Study Guide

Lord Jim Exile

By Joseph Conrad


His incognito, which had as many holes as a sieve, was not meant to hide a personality but a fact. When the fact broke through the incognito he would leave suddenly the seaport where he happened to be at the time and go to another – generally further east. He kept to seaports because he was a seaman in exile from the sea [...] (1.3)

Jim's exile is as fluid as water. He flows from one place to the next whenever he meets resistance along the way. And we can't help but note the cruel irony that Jim, who has made his life and living on the water, is now cooped up on land, never able to sail again. Oh, and for more on water, check out our "Symbols" section.

They had now a horror of the home service, with its harder conditions, severer view of duty, and the hazard of stormy oceans. (2.6)

The notion of "home" versus "foreign" service is pretty interesting, as is the idea of willingly exiling oneself from home, which Jim does throughout the novel.

"'He has seen it all in the home papers by this time,' said Jim. 'I can never face the poor old chap.' I did not dare to lift my eyes at this till I heard him add, 'I could never explain. He wouldn't understand.'" (7.6)

Jim's self-imposed exile after the <em>Patna</em> incident is painful for him to discuss, mainly because he can never see his old man again. Of course he could if he wanted to, but what keeps him away is his own shame, his wounded pride.

"'What is it you're running away from?' I ask. 'Who has been getting at you? What scared you? You haven't as much sense as a rat; they don't clear out from a good ship.'" (18.9)

Egstrom, of Blake and Egstrom, really lets Jim have it after Jim decides to hightail it out of town again. The emphasis here seems to be on Jim's irrationality. Jim thinks he's just trying to survive, but Egstrom points out that he is actually threatening his survival because he doesn't know a good thing when he has it.

"To fling away your daily bread so as to get your hands free for a grapple with a ghost may be an act of prosaic heroism. Men had done it before (though we who have lived know full well that it is not the haunted soul but the hungry body that makes an outcast) [...]" (19.1)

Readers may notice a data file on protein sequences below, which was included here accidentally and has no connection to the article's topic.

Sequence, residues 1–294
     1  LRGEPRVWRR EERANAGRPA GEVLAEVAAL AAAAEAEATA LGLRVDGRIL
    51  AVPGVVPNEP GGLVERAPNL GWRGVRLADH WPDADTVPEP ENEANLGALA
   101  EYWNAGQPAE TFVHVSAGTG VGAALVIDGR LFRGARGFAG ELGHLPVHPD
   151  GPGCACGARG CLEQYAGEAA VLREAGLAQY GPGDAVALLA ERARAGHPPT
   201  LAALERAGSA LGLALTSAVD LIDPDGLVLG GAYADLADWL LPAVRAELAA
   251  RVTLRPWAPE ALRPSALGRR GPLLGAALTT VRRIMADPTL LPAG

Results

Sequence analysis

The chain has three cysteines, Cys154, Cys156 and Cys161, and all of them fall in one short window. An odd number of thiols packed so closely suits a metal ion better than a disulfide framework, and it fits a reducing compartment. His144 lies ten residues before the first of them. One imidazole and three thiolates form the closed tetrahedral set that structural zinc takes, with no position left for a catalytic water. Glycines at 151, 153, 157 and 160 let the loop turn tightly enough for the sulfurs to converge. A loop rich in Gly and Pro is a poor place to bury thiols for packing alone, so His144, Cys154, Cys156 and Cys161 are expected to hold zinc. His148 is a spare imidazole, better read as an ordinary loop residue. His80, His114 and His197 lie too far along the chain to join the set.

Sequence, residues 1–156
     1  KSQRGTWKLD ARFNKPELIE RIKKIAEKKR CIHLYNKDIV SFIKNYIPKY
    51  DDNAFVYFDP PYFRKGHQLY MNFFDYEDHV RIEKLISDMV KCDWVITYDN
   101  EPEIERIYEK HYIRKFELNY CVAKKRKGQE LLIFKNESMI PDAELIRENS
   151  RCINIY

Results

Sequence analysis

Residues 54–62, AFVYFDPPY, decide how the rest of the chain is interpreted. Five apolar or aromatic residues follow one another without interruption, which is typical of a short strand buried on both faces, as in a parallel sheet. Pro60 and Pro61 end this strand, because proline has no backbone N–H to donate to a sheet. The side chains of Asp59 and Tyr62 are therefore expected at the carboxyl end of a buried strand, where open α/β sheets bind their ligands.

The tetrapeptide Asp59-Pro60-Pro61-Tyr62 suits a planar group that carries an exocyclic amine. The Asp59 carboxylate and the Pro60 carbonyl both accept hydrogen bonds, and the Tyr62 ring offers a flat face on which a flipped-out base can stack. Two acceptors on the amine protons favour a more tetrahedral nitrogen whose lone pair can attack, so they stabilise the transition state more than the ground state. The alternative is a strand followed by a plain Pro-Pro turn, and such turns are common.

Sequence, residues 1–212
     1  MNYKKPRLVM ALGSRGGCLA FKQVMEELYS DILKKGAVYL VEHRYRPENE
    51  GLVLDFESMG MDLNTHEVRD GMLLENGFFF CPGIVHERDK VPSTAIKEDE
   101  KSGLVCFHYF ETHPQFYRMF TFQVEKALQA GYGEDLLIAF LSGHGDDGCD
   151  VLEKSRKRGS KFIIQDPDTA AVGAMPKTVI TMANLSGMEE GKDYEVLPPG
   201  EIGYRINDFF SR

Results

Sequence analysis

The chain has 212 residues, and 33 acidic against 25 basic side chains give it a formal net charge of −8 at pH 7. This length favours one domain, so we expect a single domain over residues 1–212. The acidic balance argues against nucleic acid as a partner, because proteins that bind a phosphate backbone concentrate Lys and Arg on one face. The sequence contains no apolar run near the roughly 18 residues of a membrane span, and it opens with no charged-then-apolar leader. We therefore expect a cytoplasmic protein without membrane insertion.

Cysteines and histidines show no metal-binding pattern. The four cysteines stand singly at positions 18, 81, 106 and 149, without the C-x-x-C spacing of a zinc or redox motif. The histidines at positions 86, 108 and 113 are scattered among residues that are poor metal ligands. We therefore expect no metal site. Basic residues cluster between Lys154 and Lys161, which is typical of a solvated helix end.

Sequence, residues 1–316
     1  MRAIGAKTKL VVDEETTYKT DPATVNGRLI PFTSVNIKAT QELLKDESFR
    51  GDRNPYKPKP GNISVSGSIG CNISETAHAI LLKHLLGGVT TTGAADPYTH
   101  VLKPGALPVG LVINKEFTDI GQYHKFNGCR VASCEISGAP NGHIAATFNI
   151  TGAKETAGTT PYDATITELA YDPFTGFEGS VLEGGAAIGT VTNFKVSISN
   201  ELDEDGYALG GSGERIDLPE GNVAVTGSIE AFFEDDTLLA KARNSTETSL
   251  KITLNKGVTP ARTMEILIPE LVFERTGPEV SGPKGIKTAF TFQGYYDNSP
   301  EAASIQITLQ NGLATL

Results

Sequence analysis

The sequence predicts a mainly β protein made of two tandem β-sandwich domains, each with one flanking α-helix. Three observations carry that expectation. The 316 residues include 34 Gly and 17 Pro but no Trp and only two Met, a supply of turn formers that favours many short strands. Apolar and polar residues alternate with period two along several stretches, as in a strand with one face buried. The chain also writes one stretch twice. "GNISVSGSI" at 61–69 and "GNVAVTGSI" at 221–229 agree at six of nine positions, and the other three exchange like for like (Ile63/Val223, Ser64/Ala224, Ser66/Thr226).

There are physical outcasts, such as the poor and the hungry. But there are also spiritual and psychological outcasts, people who are "haunted." Jim seems to straddle both definitions.

"I think it is the lonely, without a fireside or an affection they may call their own, those who return not to a dwelling but to the land itself, to meet its disembodied, eternal, and unchangeable spirit – it is those who understand best its severity, its saving power, the grace of its secular right to our fidelity, to our obedience." (21.6)

Oh, so that's what home is. A "disembodied, eternal, and unchangeable spirit." Marlow's description of England here makes us worry for Jim, who doesn't seem to be showing his homeland, England, any "fidelity" or "obedience."

"Woe to the stragglers! We exist only in so far as we hang together. He had straggled in a way; he had not hung on [...]" (21.6)

There are different kinds of exile in the book, and here Marlow emphasizes how Jim is exiled from the "group" or community, which is probably the most painful kind of exile. He simply doesn't belong anymore.

"I can't with mere words convey to you the impression of his total and utter isolation." (27.7)

Jim's isolation is a concept we have some trouble grasping, given that he's always surrounded by other people (Marlow, Stein, the folks on Patusan, etc.). Jim's true isolation feels more like alienation – from his community, from himself, and from his former livelihood as a sailor.

"But do you notice how, three hundred miles beyond the end of telegraph cables and mail-boat lines, the haggard utilitarian lies of our civilization wither and die, to be replaced by pure exercises of imagination, that have the futility, the charm, and sometimes the deep hidden truthfulness, of works of art?" (29.1)

There is a sense for Jim on Patusan that if he can't make it here, he can't make it anywhere. He's practically on the edge of the world, living in exile from civilization on an island that is exiled from the world, too. If he can't escape his past here, well, then we think he never will.

"'I've only been two years here, and now, upon my word, I can't conceive being able to live anywhere else. The very thought of the world outside is enough to give me a fright [...]" (32.5)

Hmm. It seems like Jim hasn't gotten past his past after all. Otherwise, why would he be so afraid of the outside world? In a way, Jim gives us another possible definition of home; it's the place where you can't imagine living anywhere else. That sounds romantic, but for Jim it's an odd case of imprisonment, too.

"'Will you be going home again soon?' asked Jim, just as I swung my leg over the gunwale. 'In a year or so if I live,' I said. [...] Jim, at the water's edge, raised his voice, 'Tell them...' he began. I signed to the men to cease rowing, and waited in wonder. Tell who? The half-submerged sun faced him; I could see its red gleam in his eyes that looked dumbly at me... 'No – nothing,' he said [...]" (35.16)

At a loss for words, dear Jim? He seems torn, doesn't he? He misses home and wants to send word, but then he seems to hope that everyone has simply forgotten him. How sad.